Which CoderResult for malformed surrogate pairs ?

Ulf Zibis Ulf.Zibis at gmx.de
Mon Sep 15 19:58:05 UTC 2008

Hi Martin,

thanks for you effort, joining this "academic" discussion. :-)

I just once more try to interpret the javadoc of class CoderResult:


      A /malformed-input error/ is reported when a sequence of input
      units is not well-formed. Such errors are described by instances
      of this class whose |isMalformed|
      <cid:part1.06090408.03040105 at gmx.de> method returns true and whose
      |length| <cid:part2.00020508.07070700 at gmx.de> method returns *the
      length of the malformed sequence*. There is one unique instance of
      this class for all malformed-input errors of a given length.

A *single* HIGH_SURROGATE can't be valued as malformed. It can only be 
valued in sequence with the successive char, and *the length of this 
malformed sequence is 2*.

Am 13.09.2008 21:29, Martin Buchholz schrieb:
>> ... in any case, the calling code could omit interpreting the
>> CoderResult.length(), and generally skip one char in case of *malformed*, as
>> there are no other causes for length > 1.
> Only if the caller is intimately familiar with the implementation.
> If for example the input contains LOW_SURROGATE LOW_SURROGATE,
> then malformed(2) might be returned, and the caller should skip 2.

No, in this case malformed(1) should be returned, as a single 
LOW_SURROGATE is always wrong, and the caller should 2 times skip 1.
Only in case of HIGH_SURROGATE + !LOW_SURROGATE, malformed(2) should be 
returned, and the caller in most cases isn't wrong in skipping the 2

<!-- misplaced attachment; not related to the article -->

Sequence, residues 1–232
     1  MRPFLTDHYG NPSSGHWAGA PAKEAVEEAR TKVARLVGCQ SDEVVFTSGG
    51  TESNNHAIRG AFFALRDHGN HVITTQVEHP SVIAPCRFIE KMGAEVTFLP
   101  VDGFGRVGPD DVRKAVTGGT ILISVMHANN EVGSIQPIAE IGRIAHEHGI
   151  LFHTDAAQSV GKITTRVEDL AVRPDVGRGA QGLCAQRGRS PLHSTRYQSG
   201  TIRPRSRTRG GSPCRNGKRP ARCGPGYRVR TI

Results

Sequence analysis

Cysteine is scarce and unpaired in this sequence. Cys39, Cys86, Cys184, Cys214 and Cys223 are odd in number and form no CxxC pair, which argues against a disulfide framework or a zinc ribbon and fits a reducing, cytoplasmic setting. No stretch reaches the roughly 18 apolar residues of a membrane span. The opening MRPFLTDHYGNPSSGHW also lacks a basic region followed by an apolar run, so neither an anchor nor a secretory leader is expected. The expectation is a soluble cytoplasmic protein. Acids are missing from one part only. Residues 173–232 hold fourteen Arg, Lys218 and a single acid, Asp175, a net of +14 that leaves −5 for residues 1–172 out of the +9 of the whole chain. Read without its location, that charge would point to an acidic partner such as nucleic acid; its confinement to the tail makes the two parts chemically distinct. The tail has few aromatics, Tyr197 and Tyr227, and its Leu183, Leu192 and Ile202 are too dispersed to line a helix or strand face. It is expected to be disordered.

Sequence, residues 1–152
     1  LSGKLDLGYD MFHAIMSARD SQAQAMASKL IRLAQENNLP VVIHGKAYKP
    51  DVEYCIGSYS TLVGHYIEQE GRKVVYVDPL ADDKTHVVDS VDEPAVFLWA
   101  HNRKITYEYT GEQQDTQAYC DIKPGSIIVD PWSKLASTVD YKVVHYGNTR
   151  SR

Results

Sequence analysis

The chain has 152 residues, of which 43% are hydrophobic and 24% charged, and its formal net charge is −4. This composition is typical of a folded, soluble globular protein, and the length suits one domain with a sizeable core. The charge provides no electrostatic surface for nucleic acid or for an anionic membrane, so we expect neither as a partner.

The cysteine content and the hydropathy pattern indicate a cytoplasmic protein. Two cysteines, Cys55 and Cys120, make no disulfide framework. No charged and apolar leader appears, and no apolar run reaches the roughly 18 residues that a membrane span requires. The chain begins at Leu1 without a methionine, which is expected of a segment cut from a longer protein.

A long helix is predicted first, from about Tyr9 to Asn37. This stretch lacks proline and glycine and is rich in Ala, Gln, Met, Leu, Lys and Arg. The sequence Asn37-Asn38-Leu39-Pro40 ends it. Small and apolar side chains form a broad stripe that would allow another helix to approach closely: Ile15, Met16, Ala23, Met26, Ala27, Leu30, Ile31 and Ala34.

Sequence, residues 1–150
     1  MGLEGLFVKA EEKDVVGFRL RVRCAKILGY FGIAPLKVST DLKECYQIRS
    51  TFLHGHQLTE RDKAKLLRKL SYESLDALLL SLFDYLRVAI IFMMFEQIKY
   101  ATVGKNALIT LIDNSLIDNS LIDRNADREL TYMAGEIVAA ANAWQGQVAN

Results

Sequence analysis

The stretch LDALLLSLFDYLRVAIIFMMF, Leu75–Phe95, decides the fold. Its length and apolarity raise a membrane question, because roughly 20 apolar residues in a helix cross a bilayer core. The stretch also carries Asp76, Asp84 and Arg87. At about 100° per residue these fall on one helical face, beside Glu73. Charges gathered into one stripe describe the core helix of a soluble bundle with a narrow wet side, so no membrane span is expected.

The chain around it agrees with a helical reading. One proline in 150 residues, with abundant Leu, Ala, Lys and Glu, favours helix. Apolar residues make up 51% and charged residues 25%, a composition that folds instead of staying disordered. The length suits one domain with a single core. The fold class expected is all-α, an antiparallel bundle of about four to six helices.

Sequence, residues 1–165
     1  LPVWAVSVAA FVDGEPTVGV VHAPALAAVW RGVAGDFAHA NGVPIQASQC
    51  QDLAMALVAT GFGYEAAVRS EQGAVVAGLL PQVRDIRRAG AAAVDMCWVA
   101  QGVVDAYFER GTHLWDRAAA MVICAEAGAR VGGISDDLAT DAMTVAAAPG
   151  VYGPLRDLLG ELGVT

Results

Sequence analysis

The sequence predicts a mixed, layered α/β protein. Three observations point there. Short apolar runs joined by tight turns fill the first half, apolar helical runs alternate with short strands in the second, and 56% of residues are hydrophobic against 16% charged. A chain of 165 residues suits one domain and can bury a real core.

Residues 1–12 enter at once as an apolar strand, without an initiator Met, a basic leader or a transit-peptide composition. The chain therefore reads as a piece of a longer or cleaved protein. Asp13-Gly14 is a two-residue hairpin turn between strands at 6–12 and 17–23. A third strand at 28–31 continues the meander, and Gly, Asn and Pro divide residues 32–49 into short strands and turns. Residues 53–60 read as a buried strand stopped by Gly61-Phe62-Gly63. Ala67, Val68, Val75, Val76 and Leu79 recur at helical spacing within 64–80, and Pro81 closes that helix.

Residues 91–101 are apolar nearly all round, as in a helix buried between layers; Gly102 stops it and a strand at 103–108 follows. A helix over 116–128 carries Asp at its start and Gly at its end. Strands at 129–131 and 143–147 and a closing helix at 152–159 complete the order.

chars, as the probability in consequence of a cosmic ray for a 
HIGH_SURROGATE is 1.56 %, but for a !LOW_SURROGATE is 98.44 %.

> Any behavior change has to have a very good reason.

Yes, this is a grave argument.
But how often this behaviour change would brought to bear? In case of 
interpreting the erroneous text by human, the difference IMO shouldn't 

>> 2.)
>> What's about \uFFFE and \uFFFF ?
>> Here they are denoted as "Not a character":
>> http://www.decodeunicode.org/de/u+fffe
>> So IMHO they should be valued as *malformed*, but the current JDK's encoders
>> return *unmappable*.
> I disagree.  What if the target encoding has a "character"
> with exactly the same "not a character" semantics?
Hm, maybe.

> E.g. if the target is itself an encoding of  Unicode?
> Then the "character" would be mappable.

AFAIK in UTF-16 \uFFFE is only valid as the first char of a sequence. If 
converting to UTF-16BE or UTF-16LE it should be skipped.
In converting from whatever encoding to UTF-16 the \uFFFE should be 
prefixed automatically.

> Anyways, this discussion is mostly academic.
> Convincing me personally might help your cause, ...

Yes, that's the reason why I investigated in this discussion.


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